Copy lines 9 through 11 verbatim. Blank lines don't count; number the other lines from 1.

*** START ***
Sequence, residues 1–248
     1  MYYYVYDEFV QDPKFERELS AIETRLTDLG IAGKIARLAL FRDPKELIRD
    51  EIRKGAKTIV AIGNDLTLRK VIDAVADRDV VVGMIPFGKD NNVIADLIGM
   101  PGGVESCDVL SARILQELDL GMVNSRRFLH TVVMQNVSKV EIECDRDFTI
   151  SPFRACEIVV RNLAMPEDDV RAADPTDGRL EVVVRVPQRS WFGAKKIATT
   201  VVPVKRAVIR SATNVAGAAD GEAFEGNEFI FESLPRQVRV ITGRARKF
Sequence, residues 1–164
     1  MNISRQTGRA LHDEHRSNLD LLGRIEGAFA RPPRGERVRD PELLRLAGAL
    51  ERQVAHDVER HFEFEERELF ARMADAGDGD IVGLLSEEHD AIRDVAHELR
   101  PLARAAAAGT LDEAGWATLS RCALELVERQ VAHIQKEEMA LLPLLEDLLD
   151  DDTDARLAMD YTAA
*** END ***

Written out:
    51  ERQVAHDVER HFEFEERELF ARMADAGDGD IVGLLSEEHD AIRDVAHELR
   101  PLARAAAAGT LDEAGWATLS RCALELVERQ VAHIQKEEMA LLPLLEDLLD
   151  DDTDARLAMD YTAA